What makes us afraid? People are generally aware of the well-studied “fight or flight” response that has helped ensure human survival in the face of imminent danger, but what about so-called irrational fears to things like spiders, heights, or – especially – clowns?
In her debut book, Whitehorse journalist and editor Eva Holland sets out to explore the phenomenon of fear by confronting her own (heights, falling, driving, and the fallout from her mother’s death foremost among them) and attempting to gain some control over them through a process of research, therapy, and experiments with eye movement desensitization and reprocessing (EMDR) and exposure treatments.
Fear, Holland tells us, has played an outsized role in her life. As a young child, she never ran to her full potential on the playground because she worried about falling and getting hurt; in adulthood, she found herself huddled against a wall on the narrow upper level of the Duomo in Florence after becoming convinced that if she stood close to the roof’s edge, she would fall through the flimsy barrier, slip across the red tiles, and plummet to her demise.
In her quest to tame her fear, Holland delves into research on various causes and treatment methods and seeks out scientists in the U.S. and Europe who are conducting experiments in the field. (Perplexingly, despite her fear of heights, she has no fear of flying.) However, the book is first and foremost a memoir, and while Holland ensures she gives the science its due, most of it is framed in relation to her desire to be able to go rock climbing with her friends without ending up a sobbing mess.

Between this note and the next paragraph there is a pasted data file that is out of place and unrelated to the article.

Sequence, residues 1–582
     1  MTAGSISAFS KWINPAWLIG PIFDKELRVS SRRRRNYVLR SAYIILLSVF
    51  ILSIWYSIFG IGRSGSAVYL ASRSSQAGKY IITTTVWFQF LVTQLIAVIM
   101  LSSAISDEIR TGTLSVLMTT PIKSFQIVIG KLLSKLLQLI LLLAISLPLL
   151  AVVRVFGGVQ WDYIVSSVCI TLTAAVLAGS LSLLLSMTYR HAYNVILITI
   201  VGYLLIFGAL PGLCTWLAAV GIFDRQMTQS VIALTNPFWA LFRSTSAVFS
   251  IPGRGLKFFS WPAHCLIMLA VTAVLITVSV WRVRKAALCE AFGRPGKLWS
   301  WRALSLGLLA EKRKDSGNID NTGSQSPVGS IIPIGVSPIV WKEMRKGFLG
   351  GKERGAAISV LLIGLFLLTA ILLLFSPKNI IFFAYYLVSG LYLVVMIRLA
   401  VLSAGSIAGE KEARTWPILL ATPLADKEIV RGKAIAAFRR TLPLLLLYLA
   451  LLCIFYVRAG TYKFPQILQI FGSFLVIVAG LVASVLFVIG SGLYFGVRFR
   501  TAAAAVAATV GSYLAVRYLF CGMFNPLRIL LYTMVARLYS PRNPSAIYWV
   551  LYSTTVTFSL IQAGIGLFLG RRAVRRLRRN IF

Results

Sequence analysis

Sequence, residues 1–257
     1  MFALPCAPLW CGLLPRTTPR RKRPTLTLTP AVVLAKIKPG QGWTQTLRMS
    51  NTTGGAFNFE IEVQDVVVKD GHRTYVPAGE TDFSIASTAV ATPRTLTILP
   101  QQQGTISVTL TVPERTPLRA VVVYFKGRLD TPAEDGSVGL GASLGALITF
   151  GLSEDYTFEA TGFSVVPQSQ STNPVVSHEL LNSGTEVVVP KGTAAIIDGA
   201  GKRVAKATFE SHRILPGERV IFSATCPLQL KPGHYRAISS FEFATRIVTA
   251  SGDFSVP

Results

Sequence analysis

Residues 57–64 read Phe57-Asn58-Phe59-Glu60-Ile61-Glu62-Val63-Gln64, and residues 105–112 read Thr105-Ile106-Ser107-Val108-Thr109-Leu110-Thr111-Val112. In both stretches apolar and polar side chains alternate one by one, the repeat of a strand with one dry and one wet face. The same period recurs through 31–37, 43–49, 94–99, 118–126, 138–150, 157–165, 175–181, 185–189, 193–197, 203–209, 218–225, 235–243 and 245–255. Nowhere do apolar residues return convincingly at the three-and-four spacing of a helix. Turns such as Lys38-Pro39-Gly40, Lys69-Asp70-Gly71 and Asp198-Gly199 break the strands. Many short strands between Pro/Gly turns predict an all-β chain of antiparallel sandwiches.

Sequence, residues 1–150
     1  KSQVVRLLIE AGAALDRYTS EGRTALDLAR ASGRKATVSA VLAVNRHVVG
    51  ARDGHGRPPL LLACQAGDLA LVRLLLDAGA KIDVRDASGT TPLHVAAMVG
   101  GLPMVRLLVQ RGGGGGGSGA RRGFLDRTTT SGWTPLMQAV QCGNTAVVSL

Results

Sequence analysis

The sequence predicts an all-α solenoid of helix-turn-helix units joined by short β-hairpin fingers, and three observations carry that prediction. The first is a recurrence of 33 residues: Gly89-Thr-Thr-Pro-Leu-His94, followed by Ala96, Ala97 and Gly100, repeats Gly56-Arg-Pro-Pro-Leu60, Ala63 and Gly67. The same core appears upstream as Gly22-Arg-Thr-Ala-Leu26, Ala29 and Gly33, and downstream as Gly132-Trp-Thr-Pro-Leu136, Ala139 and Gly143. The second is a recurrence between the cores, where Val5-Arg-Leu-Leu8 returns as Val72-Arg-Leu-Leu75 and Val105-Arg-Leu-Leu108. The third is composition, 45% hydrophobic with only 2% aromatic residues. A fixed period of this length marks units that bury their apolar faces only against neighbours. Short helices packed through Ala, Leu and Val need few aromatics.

The work began as a feature in Esquire magazine, and the book reads very much like an extended piece of long-form personal journalism, though it lacks the crispness and snap of the original magazine piece. Still, Holland’s narration is friendly and easygoing, and she is wryly self-observant, noting after her third serious car accident in three years (and fourth since she was a teen) that one might suspect she was just a bad driver. The humour is generally self-deprecating and mild, though there are a couple of laugh-out-loud moments to balance the more sombre aspects of Holland’s story (such as the death of her mother, which turns out to be the catalyst for many of the author’s strongest fear-induced reactions).
What really makes the book is Holland’s cinematic scene setting. Her ability to vividly recall details illuminates every scrape with death, heart-wrenching episode of fear-induced panic, and instance of Holland avoiding danger by trusting her gut. The result makes for an enjoyable read. When, at the end of her journey, she finds herself able to zip line over large, deep gorges and drive in the winter without feeling like her chest is about to explode, we can’t help but cheer.